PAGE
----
Others at roadblock like this Serb, come to help “Orthodox brothers”. #Serbia flag behind. Says he’s not paramilitary pic.twitter.com/8IxA1EYG3H
— Mark Lowen (@marklowen) March 8, 2014
It is a news report that Mueller might have ordered from a script mill and central casting. Yet, few if any news reporters or pundits are aware of the mundane mobilization processes that produce these events, and my sense is that the number of scholars who study these conflict processes have embraced Mueller’s argument is not terribly large. Due to this you will find few reports like Lowen’s, and even fewer discussions of the import of monitoring prisons, criminal gangs, and other groups of young males who are experienced in street-level coercion.
Is anything to be done? Mueller believes there is considerable opportunity to stop the killing, preferably before it begins, but importantly, the opportunity does not especially diminish once killing is well underway.
[T]here was nothing particularly inevitable about the violence: with different people in charge and with different policing and accommodation procedures, the savagery could have been avoided.
Because the violence in Yugoslavia and Rwanda was carried out chiefly by small, ill-disciplined, and essentially cowardly bands of thugs and bullies, policing the situation would probably have been fairly easy for almost any organized,disciplined, and sizable army. An extreme aversion to casualties and a misguided assumption that the conflicts stemmed from immutable ethnic hatreds, however, made international military intervention essentially impossible until the violence appeared to have run its course (pp. 43-4).
To be sure, Russia’s apparent troop presence in Crimea, and definite presence right next door, puts a different light on the situation there than the ones that Mueller discusses in his article. But regardless of other states’ beliefs about Putin’s willingness to order the Russian military to engage in battle with an international force of police and peacekeepers put in Crimea, Mueller’s argument is one that is not easily dismissed, and one that I believe all of us do well to consider carefully when events such as we have seen recently unfold in Ukraine take place.
A version of this post first appeared at the author’s blog.
 If you are up to watching a gut-wrenching, heart-rending, slow-motion train wreck that substantiates Mueller’s thesis about the banality of ethnic conflict as only a documentary case study can, set aside some time and watch We are all Neighbours (1993; low quality version here). Mueller’s description of bewildered ordinary people being unwillingly swept up in the violence of small bands of marauders will haunt you.  I say “apparent” only because I have not seen media reports which establish the the Russian troops in Crimea are not irregulars, paramilitaries, etc. wearing surplus Russian uniforms and gear. That said, it is very plausible that credible reports exist and I have simply paid inadequate attention.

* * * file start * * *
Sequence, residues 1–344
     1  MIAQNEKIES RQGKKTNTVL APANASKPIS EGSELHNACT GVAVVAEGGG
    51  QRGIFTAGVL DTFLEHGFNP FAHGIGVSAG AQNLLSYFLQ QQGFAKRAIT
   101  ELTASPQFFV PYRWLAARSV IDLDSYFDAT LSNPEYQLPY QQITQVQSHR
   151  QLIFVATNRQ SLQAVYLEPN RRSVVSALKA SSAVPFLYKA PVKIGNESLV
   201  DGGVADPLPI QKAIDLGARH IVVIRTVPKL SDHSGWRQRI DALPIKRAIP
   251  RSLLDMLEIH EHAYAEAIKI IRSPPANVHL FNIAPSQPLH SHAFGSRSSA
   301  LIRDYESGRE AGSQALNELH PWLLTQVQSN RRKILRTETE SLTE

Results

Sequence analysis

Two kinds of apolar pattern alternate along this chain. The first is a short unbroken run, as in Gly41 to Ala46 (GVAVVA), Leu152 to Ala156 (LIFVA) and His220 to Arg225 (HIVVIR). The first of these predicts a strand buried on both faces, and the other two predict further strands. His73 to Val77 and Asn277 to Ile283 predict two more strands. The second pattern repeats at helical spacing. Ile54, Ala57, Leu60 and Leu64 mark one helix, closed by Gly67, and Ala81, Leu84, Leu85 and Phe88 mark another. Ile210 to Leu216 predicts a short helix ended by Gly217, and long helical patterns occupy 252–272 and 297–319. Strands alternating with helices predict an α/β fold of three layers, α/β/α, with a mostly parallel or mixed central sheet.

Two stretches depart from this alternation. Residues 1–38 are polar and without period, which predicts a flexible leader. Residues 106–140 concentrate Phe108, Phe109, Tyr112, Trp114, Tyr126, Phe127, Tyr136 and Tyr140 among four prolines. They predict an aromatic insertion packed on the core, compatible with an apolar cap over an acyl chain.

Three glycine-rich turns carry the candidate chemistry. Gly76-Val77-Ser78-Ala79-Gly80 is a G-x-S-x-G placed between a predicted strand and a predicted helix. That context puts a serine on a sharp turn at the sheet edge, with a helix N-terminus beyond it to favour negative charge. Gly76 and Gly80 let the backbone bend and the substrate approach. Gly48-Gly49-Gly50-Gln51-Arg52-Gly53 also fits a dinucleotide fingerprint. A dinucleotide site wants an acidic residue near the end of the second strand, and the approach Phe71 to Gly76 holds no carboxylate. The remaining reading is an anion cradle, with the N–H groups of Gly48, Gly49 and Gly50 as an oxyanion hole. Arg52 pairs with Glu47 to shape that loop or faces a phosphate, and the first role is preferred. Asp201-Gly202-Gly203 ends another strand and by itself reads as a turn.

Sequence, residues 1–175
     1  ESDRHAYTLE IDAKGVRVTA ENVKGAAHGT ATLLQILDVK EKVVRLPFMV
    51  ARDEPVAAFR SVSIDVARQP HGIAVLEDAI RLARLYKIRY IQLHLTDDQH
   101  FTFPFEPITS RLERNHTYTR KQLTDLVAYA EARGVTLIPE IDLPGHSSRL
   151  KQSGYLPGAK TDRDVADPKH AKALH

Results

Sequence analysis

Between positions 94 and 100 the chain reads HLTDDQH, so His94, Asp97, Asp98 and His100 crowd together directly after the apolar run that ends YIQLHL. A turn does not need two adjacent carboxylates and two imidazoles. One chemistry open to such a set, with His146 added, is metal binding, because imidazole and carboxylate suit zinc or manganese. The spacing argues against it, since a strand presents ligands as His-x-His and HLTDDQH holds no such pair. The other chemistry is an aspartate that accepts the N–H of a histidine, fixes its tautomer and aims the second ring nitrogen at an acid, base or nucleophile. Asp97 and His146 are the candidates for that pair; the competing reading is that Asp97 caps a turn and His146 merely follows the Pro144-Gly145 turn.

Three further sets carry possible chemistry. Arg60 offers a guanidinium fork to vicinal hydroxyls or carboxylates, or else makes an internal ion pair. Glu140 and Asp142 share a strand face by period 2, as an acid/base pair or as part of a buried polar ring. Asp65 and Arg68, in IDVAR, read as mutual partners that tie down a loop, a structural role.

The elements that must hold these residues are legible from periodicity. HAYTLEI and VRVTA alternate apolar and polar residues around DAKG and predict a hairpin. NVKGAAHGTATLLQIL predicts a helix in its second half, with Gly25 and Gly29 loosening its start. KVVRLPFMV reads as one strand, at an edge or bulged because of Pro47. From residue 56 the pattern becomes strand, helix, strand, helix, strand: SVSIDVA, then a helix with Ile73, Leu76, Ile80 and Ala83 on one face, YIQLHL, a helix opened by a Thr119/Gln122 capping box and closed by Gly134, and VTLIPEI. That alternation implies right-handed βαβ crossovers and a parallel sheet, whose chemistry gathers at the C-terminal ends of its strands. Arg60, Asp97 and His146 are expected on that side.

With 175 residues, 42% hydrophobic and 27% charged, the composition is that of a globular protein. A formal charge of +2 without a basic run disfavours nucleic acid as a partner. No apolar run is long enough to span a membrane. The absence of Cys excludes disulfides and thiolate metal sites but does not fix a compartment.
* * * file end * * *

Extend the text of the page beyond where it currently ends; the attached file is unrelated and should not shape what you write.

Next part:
That European ethnic conflicts are intentionally fueled by the larger imperial powers is as old as European history. Since the days of Rome, divide and conquer has been to most practical way to prevent the various barbarians from uniting against their hegemons.
Both the US and Russia have been interfering in the various former Soviet sattelite states non-stop since the end of the cold war. Before them it was the Germans, the Austro-Hungarians, the Turks, and so on back in time. So the hypocritical public statements by the Russians and US leadership are really just a distraction.
The best way to end this pattern of behavior is to deliberately disempower large states, by (1) breaking them up into smaller ones, and (2) by establishing a world power, such as the international criminal court, which can actually try to impose a system of Universal Law, as opposed to the system of Piss-On-The-Law, otherwise known as the Bush Doctrine, or the Putin Doctrine, depending on which side of the fence you are on.
Until then, in the words of a Bob Marley song . . . there will be War.
I’m honestly going to ask you to present a single instance of the U.S. practicing any form of divide and conquer on any former Soviet states.
Divide and conquer was more typical of past imperial powers (Rome, eastern Rome, Turks, Austro-Hungary, Austria, the Ottomans, not sure about the French, definitely the Russians, Germans, then Russians again). I think the standard playbook for the US isn’t to conquer.